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Impact of Climate Change on California Landscapes

Impact of Climate Change on California Landscapes is Focus of Public Lecture at UC Riverside

Richard Minnich will discuss forest fires in Southern California; climate and vegetation change; global warming

(April 9, 2010)

Richard Minnich is a professor of geography in the Department of Earth Sciences at UC Riverside.

Richard Minnich is a professor of geography in the Department of Earth Sciences at UC Riverside.

RIVERSIDE, Calif. – Noted fire ecologist Richard Minnich will give a free, public lecture at the University of California, Riverside on April 22 that will address the impact climate change has had on California landscapes.

Titled “Climate’s Control of California Landscapes,” the hour-long lecture will begin at 7 p.m. in Room 302, Highlander Union Building, formerly the Commons. Doors open at 6:15 p.m. Seating is open.

In his talk, Minnich, a professor of geography in UC Riverside’s Department of Earth Sciences, will discuss climate and vegetation change over the past 50 million years, with emphasis on California since the last ice age; global warming over the past 100 years; and how Sierra Nevada glaciers and California’s vegetation have been affected by recent global warming.

“I also will offer some comments on the recent siege of large fires in Southern California,” he said. “And I will address the great tree die-off due to extreme drought in 2002.”

Research in Minnich’s lab focuses on the ecology of the Mediterranean ecosystem, including chaparral and forests in Southern California and northern Baja California, Mexico.

Specifically, he studies the fire and structure of mountain forests in Southern California under fire suppression compared against those in Baja California without suppression. He has extensively studied the patterns of forest die-off from the 2002 drought and how global warming influenced these patterns.

Minnich’s interest in weather and climate began in childhood. In the Department of Earth Sciences, he expanded his interest to
paleoclimate over geologic time.

“Paleoclimate and geologic processes such as plate tectonics help me understand such topics as how California – my primary research area – has acquired its modern vegetation; the nature of glaciation in the Sierra Nevada; when did our deserts support large lakes; and when did summer drought develop,” he said.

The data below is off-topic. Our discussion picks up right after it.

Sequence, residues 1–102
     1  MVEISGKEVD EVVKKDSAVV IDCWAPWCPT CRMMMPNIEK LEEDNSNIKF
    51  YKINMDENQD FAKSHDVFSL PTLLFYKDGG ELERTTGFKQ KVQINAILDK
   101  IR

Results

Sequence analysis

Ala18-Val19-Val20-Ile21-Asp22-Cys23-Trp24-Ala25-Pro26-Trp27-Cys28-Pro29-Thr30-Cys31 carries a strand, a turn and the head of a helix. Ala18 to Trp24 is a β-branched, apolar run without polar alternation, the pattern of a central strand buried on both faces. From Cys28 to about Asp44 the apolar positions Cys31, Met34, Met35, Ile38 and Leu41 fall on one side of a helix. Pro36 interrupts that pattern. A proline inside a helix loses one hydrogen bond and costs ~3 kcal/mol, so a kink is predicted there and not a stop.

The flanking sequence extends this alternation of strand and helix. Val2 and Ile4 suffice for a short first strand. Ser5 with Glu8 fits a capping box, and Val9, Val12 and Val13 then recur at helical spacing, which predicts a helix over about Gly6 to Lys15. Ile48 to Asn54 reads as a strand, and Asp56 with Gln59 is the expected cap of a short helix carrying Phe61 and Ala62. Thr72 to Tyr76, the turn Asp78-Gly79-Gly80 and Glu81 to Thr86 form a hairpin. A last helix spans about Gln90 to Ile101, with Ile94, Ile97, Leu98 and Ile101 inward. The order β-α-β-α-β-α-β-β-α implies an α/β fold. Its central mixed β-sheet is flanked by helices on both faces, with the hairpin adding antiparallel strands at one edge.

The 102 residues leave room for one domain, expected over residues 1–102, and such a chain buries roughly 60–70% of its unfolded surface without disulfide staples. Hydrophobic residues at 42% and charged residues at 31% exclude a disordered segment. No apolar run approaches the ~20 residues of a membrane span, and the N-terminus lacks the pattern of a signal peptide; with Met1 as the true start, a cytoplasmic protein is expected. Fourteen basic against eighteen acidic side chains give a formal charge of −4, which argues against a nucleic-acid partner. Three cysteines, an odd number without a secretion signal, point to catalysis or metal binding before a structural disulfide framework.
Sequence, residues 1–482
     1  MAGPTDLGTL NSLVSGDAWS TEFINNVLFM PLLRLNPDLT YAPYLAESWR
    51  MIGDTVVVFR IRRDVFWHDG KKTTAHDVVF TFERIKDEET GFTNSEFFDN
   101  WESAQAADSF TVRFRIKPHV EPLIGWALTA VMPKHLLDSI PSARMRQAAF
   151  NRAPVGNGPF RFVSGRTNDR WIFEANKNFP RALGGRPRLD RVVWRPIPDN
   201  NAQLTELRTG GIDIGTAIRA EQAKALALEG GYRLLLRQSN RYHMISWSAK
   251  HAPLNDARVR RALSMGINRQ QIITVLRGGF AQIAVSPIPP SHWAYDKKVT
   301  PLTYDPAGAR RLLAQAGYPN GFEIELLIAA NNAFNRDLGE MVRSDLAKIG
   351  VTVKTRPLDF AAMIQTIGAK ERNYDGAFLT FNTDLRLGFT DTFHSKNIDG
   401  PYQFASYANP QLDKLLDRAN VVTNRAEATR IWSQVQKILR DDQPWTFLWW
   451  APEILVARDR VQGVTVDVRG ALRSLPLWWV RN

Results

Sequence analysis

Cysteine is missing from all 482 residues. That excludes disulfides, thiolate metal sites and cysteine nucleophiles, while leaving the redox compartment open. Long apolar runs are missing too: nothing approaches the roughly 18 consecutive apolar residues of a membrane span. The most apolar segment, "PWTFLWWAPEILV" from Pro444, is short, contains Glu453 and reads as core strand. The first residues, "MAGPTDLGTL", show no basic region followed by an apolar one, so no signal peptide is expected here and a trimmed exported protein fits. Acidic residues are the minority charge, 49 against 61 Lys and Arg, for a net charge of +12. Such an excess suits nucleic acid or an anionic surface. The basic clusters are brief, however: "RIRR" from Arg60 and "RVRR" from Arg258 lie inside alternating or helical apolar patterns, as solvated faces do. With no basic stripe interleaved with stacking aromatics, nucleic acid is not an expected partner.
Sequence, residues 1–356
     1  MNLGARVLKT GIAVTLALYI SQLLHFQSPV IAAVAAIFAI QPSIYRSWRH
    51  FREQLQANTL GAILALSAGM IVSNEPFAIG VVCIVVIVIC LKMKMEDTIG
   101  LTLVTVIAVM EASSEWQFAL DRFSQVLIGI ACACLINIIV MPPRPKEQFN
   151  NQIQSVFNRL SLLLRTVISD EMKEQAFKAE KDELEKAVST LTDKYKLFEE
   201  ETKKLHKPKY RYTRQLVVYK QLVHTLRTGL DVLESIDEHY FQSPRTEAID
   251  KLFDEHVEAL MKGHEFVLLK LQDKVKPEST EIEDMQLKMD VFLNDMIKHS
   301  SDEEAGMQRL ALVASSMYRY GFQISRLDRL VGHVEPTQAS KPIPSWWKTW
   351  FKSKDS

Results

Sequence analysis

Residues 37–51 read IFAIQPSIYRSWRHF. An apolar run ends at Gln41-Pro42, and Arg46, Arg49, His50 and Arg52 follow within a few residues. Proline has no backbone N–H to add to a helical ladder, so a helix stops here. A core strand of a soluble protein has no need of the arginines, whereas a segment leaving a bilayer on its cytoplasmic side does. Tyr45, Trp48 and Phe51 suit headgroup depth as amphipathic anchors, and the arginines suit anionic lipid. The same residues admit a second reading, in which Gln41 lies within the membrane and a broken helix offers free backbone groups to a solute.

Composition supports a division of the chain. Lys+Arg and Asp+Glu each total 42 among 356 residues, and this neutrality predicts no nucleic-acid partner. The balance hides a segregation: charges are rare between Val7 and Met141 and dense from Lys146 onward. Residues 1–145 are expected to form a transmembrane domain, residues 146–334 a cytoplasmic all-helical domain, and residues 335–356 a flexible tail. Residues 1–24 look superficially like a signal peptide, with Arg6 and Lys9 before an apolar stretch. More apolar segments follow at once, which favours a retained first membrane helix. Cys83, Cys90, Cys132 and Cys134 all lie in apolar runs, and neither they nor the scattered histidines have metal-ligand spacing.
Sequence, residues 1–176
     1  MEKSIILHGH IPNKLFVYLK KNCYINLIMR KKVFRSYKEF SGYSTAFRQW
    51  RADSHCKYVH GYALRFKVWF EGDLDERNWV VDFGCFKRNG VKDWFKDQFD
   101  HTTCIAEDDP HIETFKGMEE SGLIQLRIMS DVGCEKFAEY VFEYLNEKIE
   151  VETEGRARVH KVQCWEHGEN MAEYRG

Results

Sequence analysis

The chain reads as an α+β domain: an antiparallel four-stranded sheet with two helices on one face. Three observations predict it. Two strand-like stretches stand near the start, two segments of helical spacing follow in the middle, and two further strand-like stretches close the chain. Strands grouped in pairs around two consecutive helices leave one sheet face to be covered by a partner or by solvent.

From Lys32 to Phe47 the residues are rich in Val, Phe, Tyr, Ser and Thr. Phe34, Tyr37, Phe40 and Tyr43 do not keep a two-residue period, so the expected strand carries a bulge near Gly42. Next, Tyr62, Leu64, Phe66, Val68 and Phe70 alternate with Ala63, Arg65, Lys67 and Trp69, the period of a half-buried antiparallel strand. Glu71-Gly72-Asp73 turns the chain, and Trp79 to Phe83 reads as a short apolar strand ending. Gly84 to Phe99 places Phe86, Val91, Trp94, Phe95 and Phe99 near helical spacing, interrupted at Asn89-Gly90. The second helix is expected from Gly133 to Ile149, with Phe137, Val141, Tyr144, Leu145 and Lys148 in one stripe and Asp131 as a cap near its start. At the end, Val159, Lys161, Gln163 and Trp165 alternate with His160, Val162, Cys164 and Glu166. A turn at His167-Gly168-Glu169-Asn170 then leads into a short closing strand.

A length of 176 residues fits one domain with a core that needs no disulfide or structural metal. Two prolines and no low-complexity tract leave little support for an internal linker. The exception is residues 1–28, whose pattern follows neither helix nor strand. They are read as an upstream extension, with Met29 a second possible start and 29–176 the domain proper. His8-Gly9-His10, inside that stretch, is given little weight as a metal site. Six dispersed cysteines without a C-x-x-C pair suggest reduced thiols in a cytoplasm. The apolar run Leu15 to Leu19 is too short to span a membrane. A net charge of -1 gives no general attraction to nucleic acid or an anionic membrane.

Minnich obtained his doctoral degree from UCLA in 1978. He is the author or coauthor of 64 refereed papers and book chapters, as well as two books, including California’s Fading Wildflowers: Lost Legacy and Biological Invasions (University of California Publications, 2008).

His talk is being hosted by UCR’s College of Natural and Agricultural Sciences and the Science Circle, a group of university and community members committed to advancing science at UCR and in Inland Southern California.

The talk is the second of five lectures scheduled this year. The lecture series, titled “Global Climate Change: Causes, Impacts, Solutions,” aims to boost the public's awareness and understanding of climate change and of how science works.

More information about the lecture series can be obtained by visiting, calling (951) 827-6555 or emailing Carol Lerner.

Teachers interested in receiving professional development credit for attending the lecture series must make arrangements in advance with University Extension.

For information about UCR parking, please see “Related Links” below.

Climate change symposium:

Graduate students from the College of Natural and Agricultural Sciences will give short presentations on climate related research at UCR’s first annual symposium on climate change.

Titled “The Science of Climate Change: Perspectives, Trends, and Projections,” the symposium will take place from 9 a.m. to 5 p.m., on Saturday, April 24, in Engineering II, Room 138.

The symposium, which is free of charge, aims to give graduate students working in the multiple disciplines of climate science an opportunity to present their research to a public audience and discuss the relevant social implications.

The Richard Moscarello Family Foundation, and UCR’s Department of Earth Sciences, Center for Conservation Biology and College of Natural and Agricultural Sciences are sponsoring the symposium.

More information at:

The University of California, Riverside ( is a doctoral research university, a living laboratory for groundbreaking exploration of issues critical to Inland Southern California, the state and communities around the world. Reflecting California's diverse culture, UCR's enrollment has exceeded 21,000 students. The campus opened a medical school in 2013 and has reached the heart of the Coachella Valley by way of the UCR Palm Desert Center. The campus has an annual statewide economic impact of more than $1 billion.

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